$10.1m lost: Why Kiwis are losing so much to scammers & how we need to fix it
Tech-savvy scammers are swindling more money from New Zealanders out of their cash - $10.1 million may only be the tip of the iceberg, according to Netsafe.
Last year New Zealanders reported the combined $10.1 million loss resulting from online scams and fraud – while the average loss was $10,771, the highest single loss was a substantial $480,000 to an investment scam.
Because many people are embarrassed about falling victim to scams or believe reporting won’t do any good, Netsafe believes it is likely the reported losses are only a small percentage of the real figures.
Netsafe CEO Martin Cocker says we should not think of scam victims as foolish or greedy.
"We need to correct that misconception, get more creative with prevention education, and improve coordination between the agencies and organisations that can disrupt scam and fraud activity.”
Tech support scams were the most common: In these cases, scammers say they are from legitimate firms such as Spark, Vodafone or Microsoft and convince people that there is a problem with their computer or internet connection.
The scammers then request remote access to the person’s device. They may install malware, encourage people to log into their bank account details and transfer money offshore, or compromise the device.
Investment scams are also catching people off guard. They often cold call and ask people to invest in shares or investment programmes that do not exist. They maintain communications and when people ask to withdraw their money, the scammers either stall or disappear completely.
Netsafe says New Zealanders also lost $1.4 million to online romance scams last year.
A number of scammers rely on Western Union as a means of receiving money - and Western Union is finally doing something about it as part of the Western Union Remission Scheme.
"People who have lost money to a scammer who had them pay via Western Union between January 1st 2004 and January 19 2017 may be eligible for a refund," Netsafe says.
"In order to claim the remission scam victims will need to provide evidence of the transaction including the Western Union Money Transfer Control Number (MTCN) and the date of the transaction. The remission scheme is available to people worldwide. All claims to the remission scheme must be submitted by the 12th February 2018." Find out more here.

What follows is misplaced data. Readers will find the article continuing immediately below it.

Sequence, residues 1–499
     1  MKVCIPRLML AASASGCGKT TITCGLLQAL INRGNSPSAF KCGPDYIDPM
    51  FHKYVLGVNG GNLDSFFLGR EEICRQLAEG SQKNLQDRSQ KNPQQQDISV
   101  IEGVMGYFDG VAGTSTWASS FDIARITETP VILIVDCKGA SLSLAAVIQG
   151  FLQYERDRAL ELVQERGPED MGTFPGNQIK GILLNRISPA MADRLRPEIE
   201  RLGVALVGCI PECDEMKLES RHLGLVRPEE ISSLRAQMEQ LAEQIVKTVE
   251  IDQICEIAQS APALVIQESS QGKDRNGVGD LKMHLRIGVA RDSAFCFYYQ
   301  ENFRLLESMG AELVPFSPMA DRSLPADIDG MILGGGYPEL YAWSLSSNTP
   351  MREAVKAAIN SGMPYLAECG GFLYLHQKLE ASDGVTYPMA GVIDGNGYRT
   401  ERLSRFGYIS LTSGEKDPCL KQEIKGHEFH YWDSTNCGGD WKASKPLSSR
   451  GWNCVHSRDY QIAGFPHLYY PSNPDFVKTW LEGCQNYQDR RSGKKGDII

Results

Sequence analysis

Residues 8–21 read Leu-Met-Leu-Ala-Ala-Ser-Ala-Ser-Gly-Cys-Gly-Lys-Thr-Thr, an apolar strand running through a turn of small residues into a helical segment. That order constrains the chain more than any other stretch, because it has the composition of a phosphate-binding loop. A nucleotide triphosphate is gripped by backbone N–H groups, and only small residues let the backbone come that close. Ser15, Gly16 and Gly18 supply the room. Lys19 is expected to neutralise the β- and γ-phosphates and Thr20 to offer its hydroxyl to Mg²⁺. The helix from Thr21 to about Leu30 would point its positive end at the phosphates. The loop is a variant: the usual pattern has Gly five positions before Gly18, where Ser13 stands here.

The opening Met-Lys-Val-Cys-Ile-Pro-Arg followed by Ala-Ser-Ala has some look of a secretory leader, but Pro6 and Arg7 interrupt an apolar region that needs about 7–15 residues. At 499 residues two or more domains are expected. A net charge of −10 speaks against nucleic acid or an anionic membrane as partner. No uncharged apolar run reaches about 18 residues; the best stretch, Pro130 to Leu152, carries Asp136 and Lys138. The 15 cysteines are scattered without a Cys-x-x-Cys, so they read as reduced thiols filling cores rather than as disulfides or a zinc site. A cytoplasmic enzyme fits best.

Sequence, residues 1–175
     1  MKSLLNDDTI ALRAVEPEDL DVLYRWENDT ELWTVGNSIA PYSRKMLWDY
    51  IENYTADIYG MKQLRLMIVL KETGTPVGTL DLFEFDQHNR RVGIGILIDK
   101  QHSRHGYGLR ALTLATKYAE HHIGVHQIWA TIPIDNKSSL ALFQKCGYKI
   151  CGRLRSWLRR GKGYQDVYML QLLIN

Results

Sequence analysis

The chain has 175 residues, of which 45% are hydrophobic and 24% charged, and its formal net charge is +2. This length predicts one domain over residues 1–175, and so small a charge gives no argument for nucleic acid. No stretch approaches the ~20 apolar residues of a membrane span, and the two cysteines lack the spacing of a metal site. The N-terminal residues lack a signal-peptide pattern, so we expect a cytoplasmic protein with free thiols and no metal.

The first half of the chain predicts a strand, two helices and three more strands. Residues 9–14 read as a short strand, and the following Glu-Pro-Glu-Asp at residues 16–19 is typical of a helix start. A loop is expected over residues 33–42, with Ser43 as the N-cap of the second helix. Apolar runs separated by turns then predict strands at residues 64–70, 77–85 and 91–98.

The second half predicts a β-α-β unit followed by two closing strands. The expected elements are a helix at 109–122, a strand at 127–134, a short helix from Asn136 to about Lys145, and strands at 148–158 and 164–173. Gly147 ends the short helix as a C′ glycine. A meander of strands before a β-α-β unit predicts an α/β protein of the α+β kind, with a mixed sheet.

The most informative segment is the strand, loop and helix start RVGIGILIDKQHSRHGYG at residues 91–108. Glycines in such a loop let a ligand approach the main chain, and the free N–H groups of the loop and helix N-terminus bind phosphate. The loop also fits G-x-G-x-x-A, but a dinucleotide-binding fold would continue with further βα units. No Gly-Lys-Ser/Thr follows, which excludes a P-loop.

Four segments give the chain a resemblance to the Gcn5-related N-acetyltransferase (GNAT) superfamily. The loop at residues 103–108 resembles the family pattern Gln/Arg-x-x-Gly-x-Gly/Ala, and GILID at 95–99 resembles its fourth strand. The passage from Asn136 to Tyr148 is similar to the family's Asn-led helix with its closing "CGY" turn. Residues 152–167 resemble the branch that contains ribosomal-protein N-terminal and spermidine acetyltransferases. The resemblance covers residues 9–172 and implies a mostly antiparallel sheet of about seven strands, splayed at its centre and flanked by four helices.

Cocker says that scammers are changing tactics to use more advanced technology and personal information to prime their victims.
Previously they would use cheap forms of mass technology to find the small pool of vulnerable people.
Now scammers are using marketing techniques, technology and personal data on the web to hone their approaches to seem more authentic.
“These scams are multi-faceted, often using several well- executed marketing elements designed to mimic well-known organisations and processes that people trust. The recent scams imitating Air New Zealand and Whittakers are good examples of this,” Cocker says.
Last year Netsafe launched an automated email bot called Re:scam, which engages scammers in a continuous cycle of emails. Re:scam's responses are designed to mimic genuine human interaction and is designed to waste scammers' time with a bot instead of duping an innocent person.
“The simple message of 'If it seems too good to be true, it probably is' no longer reflects the reality of the online scam and fraud landscape. It would be more accurate to say, 'even if it seems like a reasonable deal, it could still be a scam.”
Netsafe offers the following tips:
• Don’t respond to phone calls or contact about your computer asking for remote access to fix it. No one will contact you out of the blue about a problem with your computer. • Use good, strong passwords on your online accounts and don’t tell anyone what they are. Legitimate organisations will never ask for your passwords. Use two-factor authentication on accounts where you can. • Always keep your personal information secure. Think carefully before entering your details online, or giving them to someone. • If someone offers you money or another offer, but you have to make a payment up front, ignore it. This is a common tactic of scammers. • Use a good antivirus and keep your software up to date. This will help to protect your device from someone trying to access it. • Be wary of unusual payment requests. Scammers try to use payments that can’t be traced such as pre-loaded debit cards, gift cards that can be used online, iTunes cards or money transfer systems. • If you're using a trusted trading or booking website or app, always complete the deal using the payment system in the platform.
You can also report scams to Netsafe at Netsafe.org.nz or phone 0508 NETSAFE (638723).
Read more about our coverage on scams below:
- Don't delete your scam emails! You can now help beat scammers at their own game
- Email scammers targeting SMBs under guise of accounting software
- CERT NZ & Netsafe warn of scammers playing online blackmail hand
- SMBs warned to watch out for ‘Corporate Portal New Zealand’ scam
- Education must be our secret weapon in the fight against tech support scams
- The top scams you should watch out for when travelling abroad
- Scammers targeting Kiwis again, this time courtesy of Countdown
- Fresh wave of scammers posing as Microsoft employees